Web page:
University unveils Web redesign
February 8, 2008 -- SF State today rolled out a new Web design template that will provide a visually appealing and unifying design for the University's colleges and departments.
$1.2 million NSF award to RTC researchers
December 12, 2007 -- The calcifying phytoplankton Emiliania huxleyi is so prolific and widespread that its hundreds of miles of blooms on the Earth's oceans can be easily detected by satellites. While a powerhouse player in photosynthesis, its survival may be threatened by a steadily growing rate of ocean acidification caused by rising atmospheric CO2 (carbon dioxide) levels. Researchers at SF State's Romberg Tiburon Center for Environmental Studies (RTC) received $1.2 million in funding from the environmental genomics program at the National Science Foundation to study how this species might respond to changes in ocean acidification.
Professor of Biology Ed Carpenter, Assistant Professor of Oceanography Tomoko Komada and Assistant Professor of Biology Jonathon Stillman plan to grow populations of E. huxleyi in their RTC labs under conditions representing the current and future ocean environment as it may be changed because of increasing acidification.
"E. Huxleyi is ideal to study how calcifying organisms may respond to ocean acidification," Stillman said. "This species can be cultivated in the laboratory for many generations and has had its genome sequenced." He added that acidification is expected to have a significant effect on calcifying organisms like E. huxleyi, which bears a crusty, calcium carbonate exoskeleton.
The acidification levels predicted are capable of dissolving this layer and affecting E. huxleyi's growth rate. The decline of such a robust producer could affect the Earth's carbon cycle. Phytoplankton accounts for about half of the Earth's annual carbon dioxide absorption.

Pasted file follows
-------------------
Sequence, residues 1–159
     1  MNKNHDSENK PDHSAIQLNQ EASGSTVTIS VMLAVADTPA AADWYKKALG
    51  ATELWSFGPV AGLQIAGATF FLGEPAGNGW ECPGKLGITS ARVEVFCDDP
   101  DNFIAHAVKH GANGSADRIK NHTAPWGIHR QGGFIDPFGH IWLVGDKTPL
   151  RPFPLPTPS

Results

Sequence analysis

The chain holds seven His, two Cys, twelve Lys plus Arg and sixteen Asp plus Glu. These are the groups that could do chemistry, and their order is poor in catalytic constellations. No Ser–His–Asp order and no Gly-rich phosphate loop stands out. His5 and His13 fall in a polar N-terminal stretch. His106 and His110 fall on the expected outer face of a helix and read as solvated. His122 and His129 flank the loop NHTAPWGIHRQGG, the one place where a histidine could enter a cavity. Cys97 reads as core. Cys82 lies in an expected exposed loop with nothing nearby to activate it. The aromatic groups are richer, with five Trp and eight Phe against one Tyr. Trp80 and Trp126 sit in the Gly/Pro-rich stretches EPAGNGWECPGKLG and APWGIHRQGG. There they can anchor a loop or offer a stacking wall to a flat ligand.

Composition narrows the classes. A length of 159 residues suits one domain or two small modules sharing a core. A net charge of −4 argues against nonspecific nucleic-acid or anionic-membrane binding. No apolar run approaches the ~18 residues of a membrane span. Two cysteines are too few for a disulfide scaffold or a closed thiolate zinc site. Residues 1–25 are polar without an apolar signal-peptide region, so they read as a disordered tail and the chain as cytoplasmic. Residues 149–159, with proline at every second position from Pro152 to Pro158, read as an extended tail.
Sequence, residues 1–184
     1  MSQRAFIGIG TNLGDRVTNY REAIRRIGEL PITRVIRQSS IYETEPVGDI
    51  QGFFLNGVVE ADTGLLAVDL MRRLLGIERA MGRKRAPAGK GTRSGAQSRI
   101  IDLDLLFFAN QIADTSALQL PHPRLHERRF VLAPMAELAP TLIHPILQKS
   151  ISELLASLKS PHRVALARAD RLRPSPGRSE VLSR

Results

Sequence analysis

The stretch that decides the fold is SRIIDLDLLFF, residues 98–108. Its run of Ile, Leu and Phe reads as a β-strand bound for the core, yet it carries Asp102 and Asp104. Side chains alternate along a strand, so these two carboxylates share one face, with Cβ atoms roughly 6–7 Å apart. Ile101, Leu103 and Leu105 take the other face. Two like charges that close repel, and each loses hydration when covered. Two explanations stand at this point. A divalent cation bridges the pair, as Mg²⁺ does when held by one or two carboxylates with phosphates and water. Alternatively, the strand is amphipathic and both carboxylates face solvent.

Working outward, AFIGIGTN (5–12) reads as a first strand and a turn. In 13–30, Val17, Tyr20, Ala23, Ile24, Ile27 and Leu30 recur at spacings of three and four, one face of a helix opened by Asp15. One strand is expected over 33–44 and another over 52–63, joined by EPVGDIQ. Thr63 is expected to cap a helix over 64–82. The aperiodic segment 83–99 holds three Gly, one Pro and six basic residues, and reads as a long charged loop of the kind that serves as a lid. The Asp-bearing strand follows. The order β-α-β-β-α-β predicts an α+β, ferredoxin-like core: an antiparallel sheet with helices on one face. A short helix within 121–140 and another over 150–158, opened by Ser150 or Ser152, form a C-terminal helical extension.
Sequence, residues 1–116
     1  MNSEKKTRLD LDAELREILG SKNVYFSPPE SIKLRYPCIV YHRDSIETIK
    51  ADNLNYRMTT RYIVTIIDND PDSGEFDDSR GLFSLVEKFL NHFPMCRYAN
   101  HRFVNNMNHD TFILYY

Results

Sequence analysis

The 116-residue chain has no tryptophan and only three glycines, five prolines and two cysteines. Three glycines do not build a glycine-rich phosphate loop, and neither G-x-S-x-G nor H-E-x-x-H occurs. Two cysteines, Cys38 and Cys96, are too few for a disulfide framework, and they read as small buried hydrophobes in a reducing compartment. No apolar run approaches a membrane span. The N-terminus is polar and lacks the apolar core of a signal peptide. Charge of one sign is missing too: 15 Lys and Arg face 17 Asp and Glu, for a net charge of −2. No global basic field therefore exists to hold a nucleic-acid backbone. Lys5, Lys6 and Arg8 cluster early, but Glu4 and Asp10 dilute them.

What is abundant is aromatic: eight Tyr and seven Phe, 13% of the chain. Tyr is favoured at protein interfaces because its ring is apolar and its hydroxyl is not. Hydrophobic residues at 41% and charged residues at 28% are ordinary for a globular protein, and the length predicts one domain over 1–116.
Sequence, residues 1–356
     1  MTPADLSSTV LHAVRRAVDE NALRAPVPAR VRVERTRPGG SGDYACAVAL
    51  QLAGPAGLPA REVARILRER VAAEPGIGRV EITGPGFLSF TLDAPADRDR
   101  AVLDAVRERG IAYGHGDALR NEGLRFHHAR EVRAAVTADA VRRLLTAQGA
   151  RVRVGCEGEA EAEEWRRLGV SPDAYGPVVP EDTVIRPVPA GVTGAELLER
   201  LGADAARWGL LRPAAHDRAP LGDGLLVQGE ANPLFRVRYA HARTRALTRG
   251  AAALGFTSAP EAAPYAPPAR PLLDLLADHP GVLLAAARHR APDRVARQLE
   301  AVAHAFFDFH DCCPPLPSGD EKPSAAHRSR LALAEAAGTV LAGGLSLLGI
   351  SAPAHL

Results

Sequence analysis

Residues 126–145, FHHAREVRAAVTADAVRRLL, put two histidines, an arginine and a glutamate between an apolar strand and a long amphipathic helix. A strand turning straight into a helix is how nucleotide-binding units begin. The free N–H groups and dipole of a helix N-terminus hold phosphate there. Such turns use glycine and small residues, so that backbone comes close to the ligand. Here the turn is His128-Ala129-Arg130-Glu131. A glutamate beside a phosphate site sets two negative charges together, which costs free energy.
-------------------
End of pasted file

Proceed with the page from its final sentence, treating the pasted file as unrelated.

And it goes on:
Carpenter, whose research studies phytoplankton's role as a producer and the factors that limit phytoplankton growth, will grow the E. huxleyi cells and study photosynthetic performance during the study. "We plan to control the growth rate so each cell divides once per day and produces two daughter cells," he said. "We expect to cultivate at least 700 generations, which will allow us to measure the ability of these phytoplankton to evolve in response to future ocean conditions."
Stillman's lab will extract RNA molecules from the cells, and use genomic tools to study the genes being activated in the different conditions.
Komada, whose body of research examines the ocean's carbon cycle, will create and direct the changes to the experiment's environment by adjusting the CO2 levels in the phytoplankton's lab environment. "Higher atmospheric CO2 makes the seawater more acidic because carbonic acid is produced when CO2 dissolves in seawater," she said.
"We have asked the right question at the right time," Carpenter said. "I don't think that we would have received this funding if each one of us wasn't a part of this."
The study is expected to take three years. The team said their findings about how E. huxleyi responds to ocean acidification would also pertain to other calcifying organisms such as corals, starfish, sea urchins and crustaceans.
Share this story: